ARRL Field Day - Great day to test your Com gear and skills.

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ARRL Field Day - Great day to test your Com gear and skills.

Post by CitizenZ » Wed Jun 25, 2014 5:26 pm

This weekend, 6-28 & 29th is the ARRL's annual Field Day. An excellent opportunity to get out, test your gear and brush up on your skills. Even if you don't have any gear, find your nearest Field Day station and use their GOTA (Get On The Air) station for people without gear or have been inactive. The purpose is to get as many people as possible on the air and to make as many contacts as possible (no repeaters except satellites). There is also a contest involved, but not required. Battery, alternative power and remote or portable operations are strongly encouraged. So dust off that radio, charge those batteries, grab some coax or wire and get up the nearest hill that has been calling you for the last year. Also an excellent opportunity to test your receiving ability, add a long wire or yagi to your AM/SW radio/scanner, build a new antenna, raise a portable, climb a hill and hear what's going on. Remember communication is mostly about listening. Getting away from utility power also gets rid of a lot of noise and makes it easier to hear and be heard farther away.

I will be dragging a car battery, a tent and my radios into the woods behind my house and throw some rope and wire into the trees.
Field Day is always the fourth full weekend of June, beginning at 1800 UTC Saturday and running through 2059 UTC Sunday. Field Day 2014 is June 28-29.
Any Amateur Radio band except 12, 17, 30 and 60 Meters. ... 4%20v2.pdf ... ummary.pdf ... %20MHz.pdf ... 0Rules.pdf

ARRL Field Day is the single most popular on-the-air event held annually in the US and Canada. On the fourth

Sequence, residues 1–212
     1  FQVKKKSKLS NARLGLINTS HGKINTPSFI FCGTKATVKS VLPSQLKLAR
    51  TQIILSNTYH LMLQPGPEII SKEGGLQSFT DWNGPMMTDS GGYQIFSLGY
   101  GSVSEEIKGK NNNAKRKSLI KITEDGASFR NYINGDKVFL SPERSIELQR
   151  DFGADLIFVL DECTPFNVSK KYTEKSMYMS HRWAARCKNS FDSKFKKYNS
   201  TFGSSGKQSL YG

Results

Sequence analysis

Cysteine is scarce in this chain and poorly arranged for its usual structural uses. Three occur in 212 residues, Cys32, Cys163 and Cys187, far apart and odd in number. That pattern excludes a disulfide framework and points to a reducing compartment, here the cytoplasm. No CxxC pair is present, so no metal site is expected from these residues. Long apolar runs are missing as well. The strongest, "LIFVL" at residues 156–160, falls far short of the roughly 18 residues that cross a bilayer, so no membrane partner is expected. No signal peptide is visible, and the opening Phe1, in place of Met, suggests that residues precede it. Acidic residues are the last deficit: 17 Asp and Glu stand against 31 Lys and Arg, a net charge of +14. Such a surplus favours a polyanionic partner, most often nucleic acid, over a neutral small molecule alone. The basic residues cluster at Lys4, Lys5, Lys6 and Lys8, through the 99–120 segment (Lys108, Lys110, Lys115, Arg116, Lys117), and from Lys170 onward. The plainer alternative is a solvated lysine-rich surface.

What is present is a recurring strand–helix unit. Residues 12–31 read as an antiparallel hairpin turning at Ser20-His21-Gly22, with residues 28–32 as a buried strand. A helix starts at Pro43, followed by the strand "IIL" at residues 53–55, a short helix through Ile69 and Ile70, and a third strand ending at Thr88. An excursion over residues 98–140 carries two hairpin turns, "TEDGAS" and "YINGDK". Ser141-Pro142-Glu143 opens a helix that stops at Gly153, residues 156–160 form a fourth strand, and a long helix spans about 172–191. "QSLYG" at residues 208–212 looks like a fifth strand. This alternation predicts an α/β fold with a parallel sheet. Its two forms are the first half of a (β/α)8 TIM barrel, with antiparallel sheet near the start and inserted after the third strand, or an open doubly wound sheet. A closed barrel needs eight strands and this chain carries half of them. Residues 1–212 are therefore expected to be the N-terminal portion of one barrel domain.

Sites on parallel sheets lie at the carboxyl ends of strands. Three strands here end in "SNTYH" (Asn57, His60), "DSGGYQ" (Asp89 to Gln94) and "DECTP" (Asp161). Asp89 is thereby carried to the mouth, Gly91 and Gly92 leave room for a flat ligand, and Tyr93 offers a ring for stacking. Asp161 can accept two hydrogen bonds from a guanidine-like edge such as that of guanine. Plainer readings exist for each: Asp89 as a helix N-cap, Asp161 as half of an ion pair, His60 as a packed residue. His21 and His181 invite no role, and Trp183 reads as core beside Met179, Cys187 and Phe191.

weekend of June of each year, more than 35,000 radio amateurs gather with their clubs, groups or simply with
friends to operate from remote locations.
Field Day is a picnic, a campout, practice for emergencies, an informal contest and, most of all, FUN!
It is a time where many aspects of Amateur Radio come together to highlight our many roles. While some will treat
it as a contest, other groups use the opportunity to practice their emergency response capabilities. It is an excellent
opportunity to demonstrate Amateur Radio to the organizations that Amateur Radio might serve in an emergency,
as well as the general public. For many clubs, ARRL Field Day is one of the highlights of their annual calendar.
The contest part is simply to contact as many other stations as possible and to learn to operate our radio gear in
abnormal situations and less than optimal conditions.
We use these same skills when we help with events such as marathons and bike-a-thons; fund-raisers such as walka-
thons; celebrations such as parades; and exhibits at fairs, malls and museums — these are all large, preplanned,
non-emergency activities.
But despite the development of very complex, modern communications systems — or maybe because they ARE so
complex — ham radio has been called into action again and again to provide communications in crises when it
really matters. Amateur Radio people (also called “hams”) are well known for our communications support in real
disaster and post-disaster situations.
"Victory awaits him who has everything in order, luck people call it. Defeat is certain for him who has neglected to take the necessary precautions in time; this is called bad luck"- The South Pole, Roald Amundsen - 1912

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